I was struck, as a very young writer (and hence as a young reader), by the way Updike had closed his wonderful story, “A Sense of Shelter,” whose central action involves a high-school boy named William—William intending, this very day, to declare his long-felt love (so he thinks) for his pretty classmate Mary Landis. It’s an utter disaster, his encounter with her—he’s trying to be a “wolf” in his pursuit of her, wolf imagery at play all through the story (W for William, W for wolf—get it?), but by the end he has thoroughly humiliated himself in making his clumsy, juvenile approach to her. The school day has ended, and he goes to his hall locker, ready to head home. Updike writes:
The tall green double lockers appeared to study him critically through the three air slits near their tops. When he opened his locker, and put his books on his shelf, below Marvin Wolf’s, and removed his coat from his hook, his self seemed to crawl into the long dark space thus made vacant, the humiliated, ugly, educable self.
The story ends shortly after these two sentences (“below Marvin Wolf’s”—there’s Updike having fun again!), and—for me at any rate, “close reader” though I was trying to be—it was only long after that I realized what Updike was doing here! He was embedding a perfectly familiar cliché—He wanted to crawl into a hole—in the passage by subjecting the obvious to a Baroque elaboration, or Baroque disguise! Specifically, he was using a certain amount of strategic “clutter”—elaborating details—to deflect the reader’s attention away from the cliché that was “right there.” But difficult to discern, rather like those famous figure-ground puzzles made famous in gestalt psychology. And, as in those puzzles—oh, that’s the face of a brindled cow hiding in the picture!—once you discern the “hidden” image, your perception of it is irreversible! You can’t thereafter go back to not discerning it and separating it from its disguising background!
Updike, it would turn out (I only saw much later), was having even more guileful fun than I’d realized—sprezzatura at work!—in his management of the animal imagery in his story. William, the failed “wolf” in his pursuit of Mary Landis (his books in the locker are even lower than Marvin Wolf’s!), is nicknamed—what?— Billy, as we learn from Mary herself! A would-be billy goat! But not even measuring up to the virile status of a billy goat; by the end, he’s merely a “goat.”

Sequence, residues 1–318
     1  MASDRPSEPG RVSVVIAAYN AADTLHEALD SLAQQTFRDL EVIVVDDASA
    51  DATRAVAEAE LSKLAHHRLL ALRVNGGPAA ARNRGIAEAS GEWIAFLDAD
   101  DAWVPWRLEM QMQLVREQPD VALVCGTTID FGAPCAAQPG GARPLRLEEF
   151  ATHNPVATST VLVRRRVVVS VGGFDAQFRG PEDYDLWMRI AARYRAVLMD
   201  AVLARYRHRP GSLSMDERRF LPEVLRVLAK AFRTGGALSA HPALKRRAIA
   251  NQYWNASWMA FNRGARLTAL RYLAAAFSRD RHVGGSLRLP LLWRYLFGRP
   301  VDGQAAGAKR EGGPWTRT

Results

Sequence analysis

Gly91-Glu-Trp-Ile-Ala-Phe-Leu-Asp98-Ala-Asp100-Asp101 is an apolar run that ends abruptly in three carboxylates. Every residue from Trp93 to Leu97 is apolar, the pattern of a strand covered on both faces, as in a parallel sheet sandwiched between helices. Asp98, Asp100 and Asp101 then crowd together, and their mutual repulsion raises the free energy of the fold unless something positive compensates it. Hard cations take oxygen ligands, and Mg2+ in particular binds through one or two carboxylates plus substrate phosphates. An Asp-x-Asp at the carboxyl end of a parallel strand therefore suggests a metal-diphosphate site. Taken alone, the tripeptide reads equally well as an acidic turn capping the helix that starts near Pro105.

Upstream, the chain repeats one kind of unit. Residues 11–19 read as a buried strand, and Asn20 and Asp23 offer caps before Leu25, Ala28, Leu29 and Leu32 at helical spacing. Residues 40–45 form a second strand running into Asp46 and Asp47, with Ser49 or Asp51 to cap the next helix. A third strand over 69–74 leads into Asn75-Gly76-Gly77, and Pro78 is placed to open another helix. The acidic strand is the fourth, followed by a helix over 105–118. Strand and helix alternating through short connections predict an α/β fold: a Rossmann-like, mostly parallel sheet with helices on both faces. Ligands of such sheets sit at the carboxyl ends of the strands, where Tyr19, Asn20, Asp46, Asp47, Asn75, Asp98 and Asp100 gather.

So it is in “Soccer” that I set the scene this way, just before the soccer skirmish:
The side lawn of their house [which we’ve earlier learned is “ample”] enjoys a fifty-yard depth, its width only marginally more modest in dimensions. The property is historic: a farm (or part of one) from an earlier century, it still harbors fruit trees—apple, pear, cherry—and old stands of berry cane, raspberry mainly. A grape arbor wraps two sides of the house on the sunny east and south sides, and garden plots, Matt’s recreation, now, in summer, grace the property’s farther reaches. Old-growth pines frame the longer of its borders.
How does this become Eden? Or, put differently, how do I get Eden out of it? Well, we note, for preliminaries, that this language is pretty “elevated”—Baroque in its own right, you might say—there being a whole slew of easier ways to say that the lawn is quite a big one, or that the place is notably nurturing and comfy (readers do get that much). But Eden? Ah! the property is historic! And it’s part of a farm, an old one from an earlier century—no, not the previous century, but an earlier one—and how much “earlier” might that be?—that “harbors” [lots of water imagery in this story!], that is, retains, still shelters, fruit trees, the fateful apple tree being the first mentioned . . . and then those garden plots that “grace” the property’s farther reaches.